Wangfujing “Snack” Street, Beijing

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Starfish Anyone?

STARFISH AND SCORPIONS AND SPIDERS, OH MY!

(Beijing, CHINA) I heard that Chinese food in China is very different than Chinese Food in the United States.  On my last day of my visit to Beijing… I learned just how different it is.

One of my favorite parts of any trip is the food.
On a scale of 1 to 10 rating adventurous eaters, I used to think I was about a 7 or 8.   My major aversion is eggs (it’s rooted in a bad experience with a fried egg as a kid).

But on my vacation to Beijing, I learned I’m more of a 5 or 6.

A WORD OF ADVICE FROM A SCHOLAR

“No matter how tasty any of the street food looks, don’t eat any of it!”
It was a little piece of advice from a Professor of Asian Studies I interviewed on an unrelated story just before my trip.

Professor Patrick Hatcher is a Distinguished Fellow with the Center for the Pacific Rim at the University of San Francisco.   In his estimation, the cleanliness of the street food in China is the biggest concern.  Especially since much of the raw meat and fish sits out in the open for hours just before it’s cooked.  Shellfish in Asia can be especially treacherous for the American eater, no matter how well handled.

A TOURIST’S QUICK ASSESSMENT

Crouching Tiger Hidden Dragon over the Great Wall

The professor’s advice was easy enough to follow because we didn’t have much exposure to Beijing street food.  Our tour guide had us on a strict sight seeing schedule to the usual tourist haunts like the Forbidden City, the Olympic Bird’s Nest Stadium, and the Great Wall of China.

Interspersed between sights were the captive audience junkets to a jade factory, a pearl factory, a cloisonne factory, and we learned about silk and tea. These were are all probably kick back tours that are very common.  You’ll get a big demonstration, then you’ll feel almost obligated to buy something.  If you’re not interested, just find a corner and hide until your fellow travelers make their purchases.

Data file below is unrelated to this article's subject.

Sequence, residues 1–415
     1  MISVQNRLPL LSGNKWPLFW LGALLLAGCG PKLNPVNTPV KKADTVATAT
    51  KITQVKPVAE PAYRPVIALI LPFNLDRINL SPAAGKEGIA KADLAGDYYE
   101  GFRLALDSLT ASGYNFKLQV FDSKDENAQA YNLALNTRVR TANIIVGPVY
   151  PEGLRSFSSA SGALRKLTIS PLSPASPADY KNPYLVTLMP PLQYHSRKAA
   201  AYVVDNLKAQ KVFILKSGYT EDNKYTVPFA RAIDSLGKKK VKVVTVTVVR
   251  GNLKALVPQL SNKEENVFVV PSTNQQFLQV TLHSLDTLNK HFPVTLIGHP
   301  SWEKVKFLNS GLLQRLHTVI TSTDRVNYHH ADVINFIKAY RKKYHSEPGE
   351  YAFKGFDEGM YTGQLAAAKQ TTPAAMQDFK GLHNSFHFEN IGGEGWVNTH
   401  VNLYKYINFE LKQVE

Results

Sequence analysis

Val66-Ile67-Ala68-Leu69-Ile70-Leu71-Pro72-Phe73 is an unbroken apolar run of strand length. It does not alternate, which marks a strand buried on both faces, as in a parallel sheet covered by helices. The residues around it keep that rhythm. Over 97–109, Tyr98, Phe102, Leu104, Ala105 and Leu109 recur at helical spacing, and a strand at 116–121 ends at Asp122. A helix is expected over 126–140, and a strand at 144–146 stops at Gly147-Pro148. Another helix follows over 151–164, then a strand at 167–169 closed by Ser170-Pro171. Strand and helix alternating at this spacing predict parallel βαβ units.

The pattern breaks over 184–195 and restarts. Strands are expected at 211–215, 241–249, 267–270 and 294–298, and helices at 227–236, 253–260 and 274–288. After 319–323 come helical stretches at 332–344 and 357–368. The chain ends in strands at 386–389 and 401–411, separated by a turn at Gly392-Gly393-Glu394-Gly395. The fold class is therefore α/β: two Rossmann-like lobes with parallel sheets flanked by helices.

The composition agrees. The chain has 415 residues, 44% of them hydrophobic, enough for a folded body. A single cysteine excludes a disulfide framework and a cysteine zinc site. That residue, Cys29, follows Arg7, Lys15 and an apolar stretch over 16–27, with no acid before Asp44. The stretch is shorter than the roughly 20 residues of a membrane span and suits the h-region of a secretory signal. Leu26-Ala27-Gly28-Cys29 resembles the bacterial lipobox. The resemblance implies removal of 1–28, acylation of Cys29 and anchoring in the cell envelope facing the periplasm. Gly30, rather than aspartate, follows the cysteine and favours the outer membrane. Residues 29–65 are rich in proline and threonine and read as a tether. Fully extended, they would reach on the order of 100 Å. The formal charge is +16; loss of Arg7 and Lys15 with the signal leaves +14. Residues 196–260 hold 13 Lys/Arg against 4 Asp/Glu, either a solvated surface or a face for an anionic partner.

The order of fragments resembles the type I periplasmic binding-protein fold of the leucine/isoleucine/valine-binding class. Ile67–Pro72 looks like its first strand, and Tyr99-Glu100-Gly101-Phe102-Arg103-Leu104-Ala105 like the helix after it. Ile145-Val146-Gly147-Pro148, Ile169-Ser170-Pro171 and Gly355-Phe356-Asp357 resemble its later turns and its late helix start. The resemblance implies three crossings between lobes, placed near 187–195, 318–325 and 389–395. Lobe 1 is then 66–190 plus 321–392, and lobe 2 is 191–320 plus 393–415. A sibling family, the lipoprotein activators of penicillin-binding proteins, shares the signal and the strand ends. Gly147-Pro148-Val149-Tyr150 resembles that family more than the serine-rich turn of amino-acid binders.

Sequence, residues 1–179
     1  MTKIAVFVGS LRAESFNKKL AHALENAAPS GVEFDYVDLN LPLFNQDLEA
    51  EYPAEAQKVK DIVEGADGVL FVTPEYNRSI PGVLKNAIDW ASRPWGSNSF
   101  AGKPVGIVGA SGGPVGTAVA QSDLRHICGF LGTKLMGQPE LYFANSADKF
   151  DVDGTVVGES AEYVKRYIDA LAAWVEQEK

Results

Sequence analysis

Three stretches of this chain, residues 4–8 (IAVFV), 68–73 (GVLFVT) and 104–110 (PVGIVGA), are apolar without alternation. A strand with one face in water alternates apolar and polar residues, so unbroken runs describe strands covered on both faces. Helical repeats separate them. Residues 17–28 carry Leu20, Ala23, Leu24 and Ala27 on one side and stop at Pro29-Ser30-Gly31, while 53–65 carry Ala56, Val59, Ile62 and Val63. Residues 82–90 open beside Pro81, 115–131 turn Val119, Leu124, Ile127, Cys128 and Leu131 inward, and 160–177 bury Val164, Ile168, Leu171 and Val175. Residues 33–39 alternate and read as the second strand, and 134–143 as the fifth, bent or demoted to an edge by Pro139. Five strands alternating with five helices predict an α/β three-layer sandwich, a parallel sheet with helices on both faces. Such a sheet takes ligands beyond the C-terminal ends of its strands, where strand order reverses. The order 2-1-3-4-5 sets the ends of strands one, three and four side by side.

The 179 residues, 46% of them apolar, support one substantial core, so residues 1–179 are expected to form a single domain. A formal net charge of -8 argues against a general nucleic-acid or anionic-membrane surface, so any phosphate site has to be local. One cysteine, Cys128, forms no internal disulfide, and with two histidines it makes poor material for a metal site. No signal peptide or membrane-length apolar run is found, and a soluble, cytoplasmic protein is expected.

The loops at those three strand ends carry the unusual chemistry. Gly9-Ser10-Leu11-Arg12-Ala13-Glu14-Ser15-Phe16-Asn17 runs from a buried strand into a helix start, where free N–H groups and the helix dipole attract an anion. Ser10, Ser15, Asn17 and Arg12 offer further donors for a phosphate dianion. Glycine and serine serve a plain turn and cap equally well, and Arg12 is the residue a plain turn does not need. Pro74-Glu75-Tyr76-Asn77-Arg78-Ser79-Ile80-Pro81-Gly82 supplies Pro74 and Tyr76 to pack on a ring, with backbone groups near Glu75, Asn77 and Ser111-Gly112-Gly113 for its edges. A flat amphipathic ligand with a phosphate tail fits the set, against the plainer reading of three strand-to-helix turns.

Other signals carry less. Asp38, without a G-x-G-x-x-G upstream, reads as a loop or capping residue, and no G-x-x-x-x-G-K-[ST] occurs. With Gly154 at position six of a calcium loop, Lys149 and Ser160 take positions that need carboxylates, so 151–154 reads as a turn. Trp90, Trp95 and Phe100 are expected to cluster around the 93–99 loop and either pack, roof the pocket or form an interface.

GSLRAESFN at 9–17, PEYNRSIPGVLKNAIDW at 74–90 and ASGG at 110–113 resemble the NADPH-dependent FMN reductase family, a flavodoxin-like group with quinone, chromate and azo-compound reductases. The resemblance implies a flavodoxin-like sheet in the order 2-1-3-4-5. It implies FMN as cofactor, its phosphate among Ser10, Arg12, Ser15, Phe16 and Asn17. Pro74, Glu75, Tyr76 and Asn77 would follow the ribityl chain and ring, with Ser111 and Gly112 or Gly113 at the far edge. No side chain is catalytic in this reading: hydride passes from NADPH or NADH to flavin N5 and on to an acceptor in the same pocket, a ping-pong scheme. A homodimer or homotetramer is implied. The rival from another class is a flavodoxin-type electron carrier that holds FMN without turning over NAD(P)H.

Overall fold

Each day – our tour included lunch and dinner.  I’ve always liked Chinese food, but it’s a treat I only ate occasionally.

Sweet And Sour Chicken again?

So Chinese food for lunch and dinner — every day — for five days — got old really quick.  Beijing is an enormous, modern city.  But it’s not very cosmopolitan.   There are plenty of fast food staples like McDonalds, KFC, and TGI Fridays.   But Beijing isn’t a place you’re going to find a neighborhood mom and pop French Bistro.  Even eastern influences like Thai, Indian, Japanese and Vietnamese are in short supply.

So on the day we rode rickshaws though a hutong neighborhood, we were delighted to have a home cooked lunch by one of the residents.
It was whipped up by a whiz of a cook in one of the smallest kitchens I’ve ever seen.
Fresh from the wok, it was the best meal we had on the whole trip.

But I couldn’t help but wonder if this was the extent of “authentic” Chinese Cuisine.  I had heard that Chinese food in China is DIFFERENT than Chinese food in the United States.

So when one of our fellow travelers told me about the night markets and “Snack Street”… I had to check it out.

THE NIGHT MARKETS ON WANGFUJING STREET

Wangfujing Night Market

As you approach the snack stands along Wangfujing street, they look like typical street food stands.
Part of the fun is listening to the calls from the vendors to get your attention.

At first glance – most of the snacks on a stick aren’t too exotic like shrimp and craw fish.  And other offerings like snake and frog might push the boundaries of American eating.  But a couple of our fellow travelers from rural parts of the US said they’ve eaten similar critters.
But when you move along, the specimens get much more intense.

The enormous spiders and scorpions on a stick are pretty surprising.

And the offerings get even more interesting when you head down one of the side alleys off Wangfujing.

Snakes, Spiders, Scorpions

This is where the locals snack.
And this is where SOME food is pulverized into submission, like hand hammered peanut brittle.
And the rest as fresh as if it’s just been stuck on a skewer, like still scrambling scorpions.

As I was gazing on this array of arachnids – I thought to myself – I should really try something.  But the advice of the Professor of Asian Studies in San Francisco I talked to before my trip kept ringing through my head.
“No matter how tasty any of the street food looks, don’t eat any of it!”
And also, I’m a little arachnophobic.

And then, while studying the still moving scorpions on a stick, a little girl, and her two brothers made me realize how much of a wuss I am.

Mmmmm... Tasty!!!

Scorpions didn’t seem to scare them…. but they still terrify me

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